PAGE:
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a party given by new parents so that friends and family can see their newborn baby
'Among those rumoured to have thrown a baby shower is the Duchess of Cambridge, although whether she and Prince William will hold a Sip and See for their eagerly awaited new arrival is yet to be seen.'Daily Mail, UK 15th July 2013
In those early weeks of parenthood, juggling an unsettled baby and its relentless needs against sleepless nights, the idea of throwing a big party couldn't have been further from my mind. I'm guessing I'm not alone in that sentiment. And yet there's a recently emerging craze which flies in the face of all that downcast exhaustion. Far from shying away from socializing or even looking at yourself in the mirror, why not invite lots of people around for a resounding knees-up where they can have a few drinks and admire the new nipper? – Enter the Sip and See.
the Sip and See … is a large, glittery affair, which may involve a special cake, champagne, and considerable expense
The Sip and See (also sometimes Sip n See or Sip and See party) is a 21st century take on the old tradition of 'wetting the baby's head'. In contrast to celebrating the birth of a baby with a few drinks, however, the Sip and See is a large, glittery affair, which may involve a special cake, champagne, and considerable expense. Guests sip the lovely beverages on offer and in the midst of their socializing get an opportunity to see the new arrival (and politely make adoring comments, presumably).
The concept of a Sip and See has been around in the US for some time, but is now growing in popularity in the UK, a trend thought partly attributable to social media, where people are picking up ideas from across the pond. On the same theme, another emerging practice emanating from the US is the gender reveal party. In this gathering, the focus is on the little person before, rather than after, their arrival, and guests are invited along to find out, en masse, the gender of a soon-to-arrive baby. Rather than making an announcement, this is done through a novelty item such as a cake or, for a Latin American twist, piñata, which when cut open reveals a particular colour (pink or blue of course!). For parents who take their gender reveal celebrations particularly seriously, this may even mean not knowing the gender of the baby themselves. Such parents ask the medical professionals to give them the information in a sealed envelope, which they then hand over to a baker who makes a blue cake for a boy or a pink cake for a girl and covers the whole thing in icing. The party climaxes when the cake is cut and all is revealed!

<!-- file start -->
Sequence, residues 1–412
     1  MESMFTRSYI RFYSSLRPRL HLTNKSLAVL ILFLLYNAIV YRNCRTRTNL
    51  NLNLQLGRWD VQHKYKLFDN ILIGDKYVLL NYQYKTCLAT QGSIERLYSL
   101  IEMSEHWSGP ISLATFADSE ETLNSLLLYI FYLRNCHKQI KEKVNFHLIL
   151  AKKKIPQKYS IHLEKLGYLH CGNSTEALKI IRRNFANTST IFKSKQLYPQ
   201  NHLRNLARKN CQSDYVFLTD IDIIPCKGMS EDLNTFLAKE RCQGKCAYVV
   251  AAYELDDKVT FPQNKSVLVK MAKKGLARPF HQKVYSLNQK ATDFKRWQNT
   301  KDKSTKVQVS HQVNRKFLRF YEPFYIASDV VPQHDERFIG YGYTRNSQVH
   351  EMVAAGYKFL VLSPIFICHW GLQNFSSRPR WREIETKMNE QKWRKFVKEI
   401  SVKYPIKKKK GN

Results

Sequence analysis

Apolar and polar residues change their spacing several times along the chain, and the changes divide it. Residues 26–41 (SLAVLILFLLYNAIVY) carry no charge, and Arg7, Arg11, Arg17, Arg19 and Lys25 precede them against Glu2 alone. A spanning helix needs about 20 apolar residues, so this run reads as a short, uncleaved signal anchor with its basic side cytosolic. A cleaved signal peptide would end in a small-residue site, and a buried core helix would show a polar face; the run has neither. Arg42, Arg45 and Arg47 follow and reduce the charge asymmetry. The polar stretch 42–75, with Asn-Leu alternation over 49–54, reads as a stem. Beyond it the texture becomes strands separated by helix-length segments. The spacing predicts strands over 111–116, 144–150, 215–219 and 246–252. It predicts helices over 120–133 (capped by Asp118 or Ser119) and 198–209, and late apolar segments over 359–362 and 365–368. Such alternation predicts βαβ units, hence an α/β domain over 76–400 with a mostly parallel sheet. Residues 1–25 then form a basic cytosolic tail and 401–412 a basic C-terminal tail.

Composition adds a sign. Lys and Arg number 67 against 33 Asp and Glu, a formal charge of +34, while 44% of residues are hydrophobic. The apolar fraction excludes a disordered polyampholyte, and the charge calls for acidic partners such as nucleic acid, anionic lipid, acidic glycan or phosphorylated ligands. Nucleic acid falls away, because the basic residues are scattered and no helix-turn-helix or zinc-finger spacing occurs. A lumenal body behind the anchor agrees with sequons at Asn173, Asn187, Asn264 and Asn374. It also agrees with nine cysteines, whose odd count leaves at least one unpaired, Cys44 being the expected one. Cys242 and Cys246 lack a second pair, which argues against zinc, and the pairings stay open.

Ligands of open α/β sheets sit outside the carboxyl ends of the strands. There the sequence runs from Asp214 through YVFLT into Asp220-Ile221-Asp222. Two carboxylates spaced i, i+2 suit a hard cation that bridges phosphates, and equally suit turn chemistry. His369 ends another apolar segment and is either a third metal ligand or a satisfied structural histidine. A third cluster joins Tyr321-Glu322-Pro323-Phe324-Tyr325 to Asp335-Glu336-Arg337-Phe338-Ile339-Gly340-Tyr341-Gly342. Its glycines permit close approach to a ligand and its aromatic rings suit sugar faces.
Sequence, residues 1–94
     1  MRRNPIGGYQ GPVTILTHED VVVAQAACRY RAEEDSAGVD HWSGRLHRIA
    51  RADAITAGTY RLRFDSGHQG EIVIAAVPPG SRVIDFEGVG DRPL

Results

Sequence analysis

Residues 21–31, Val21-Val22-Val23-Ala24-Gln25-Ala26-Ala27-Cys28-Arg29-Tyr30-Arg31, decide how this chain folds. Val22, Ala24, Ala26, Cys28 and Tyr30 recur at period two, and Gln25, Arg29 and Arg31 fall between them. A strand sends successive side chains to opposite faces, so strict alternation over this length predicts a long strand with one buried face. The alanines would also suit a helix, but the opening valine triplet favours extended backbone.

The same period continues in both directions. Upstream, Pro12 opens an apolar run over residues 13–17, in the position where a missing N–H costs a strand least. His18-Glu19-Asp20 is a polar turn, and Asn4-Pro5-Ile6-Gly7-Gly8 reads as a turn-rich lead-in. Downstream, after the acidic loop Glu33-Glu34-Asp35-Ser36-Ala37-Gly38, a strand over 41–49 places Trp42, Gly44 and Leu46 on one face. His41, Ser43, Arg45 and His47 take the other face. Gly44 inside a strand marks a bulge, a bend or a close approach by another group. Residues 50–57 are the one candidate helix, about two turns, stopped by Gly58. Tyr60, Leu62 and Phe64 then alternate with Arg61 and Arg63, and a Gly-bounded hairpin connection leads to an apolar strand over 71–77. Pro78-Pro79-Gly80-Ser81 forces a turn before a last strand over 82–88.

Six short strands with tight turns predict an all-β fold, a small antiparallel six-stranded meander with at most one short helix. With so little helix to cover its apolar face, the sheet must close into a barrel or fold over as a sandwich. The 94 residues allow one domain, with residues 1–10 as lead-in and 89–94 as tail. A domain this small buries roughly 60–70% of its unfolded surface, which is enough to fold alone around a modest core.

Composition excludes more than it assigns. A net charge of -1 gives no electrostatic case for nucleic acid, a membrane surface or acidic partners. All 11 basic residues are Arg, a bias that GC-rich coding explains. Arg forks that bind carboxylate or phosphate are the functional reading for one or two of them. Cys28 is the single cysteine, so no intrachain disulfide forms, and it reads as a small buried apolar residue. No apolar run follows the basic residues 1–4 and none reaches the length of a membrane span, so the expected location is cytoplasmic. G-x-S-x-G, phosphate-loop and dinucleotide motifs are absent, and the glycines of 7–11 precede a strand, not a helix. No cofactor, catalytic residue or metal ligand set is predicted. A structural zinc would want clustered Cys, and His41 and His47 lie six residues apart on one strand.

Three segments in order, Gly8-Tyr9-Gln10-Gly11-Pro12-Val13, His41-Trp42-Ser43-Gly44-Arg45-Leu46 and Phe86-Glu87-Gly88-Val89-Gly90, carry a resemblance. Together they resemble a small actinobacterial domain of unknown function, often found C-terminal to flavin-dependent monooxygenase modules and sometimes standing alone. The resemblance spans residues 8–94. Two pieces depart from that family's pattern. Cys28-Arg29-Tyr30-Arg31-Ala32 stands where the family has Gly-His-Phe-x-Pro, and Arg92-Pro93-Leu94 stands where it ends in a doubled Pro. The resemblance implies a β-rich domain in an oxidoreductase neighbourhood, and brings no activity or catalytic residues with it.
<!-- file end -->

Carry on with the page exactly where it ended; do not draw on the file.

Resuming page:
Concepts such as the Sip and See and gender reveal party follow in the wake of the prom (a party for secondary school students) and baby shower (a party for a pregnant woman who receives presents for the baby). Both these celebrations originated in the US, and though in previous generations might have seemed a little 'over the top' from a UK perspective, have now been embraced by British culture to some extent. It remains to be seen whether the Sip and See and gender reveal party will hang around too or just be a passing fad.
The expression Sip and See seems likely to have taken inspiration from conjoined verb expressions such as e.g. scratch and sniff, which first appeared in the 1970s and describes a special paper which releases a smell when scratched. Other examples include wash and wear (describing fabric that holds its shape when washed and doesn't need to be ironed), and bring and buy (a charity event where people donate items for sale and buy items donated by others). In all these cases it's possible to contract and to n, a scenario which is restricted to a limited set of expressions in English (c.f. conjoined noun phrases such as fish n chips, salt n vinegar etc.).
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This article was first published on 1st October 2013.
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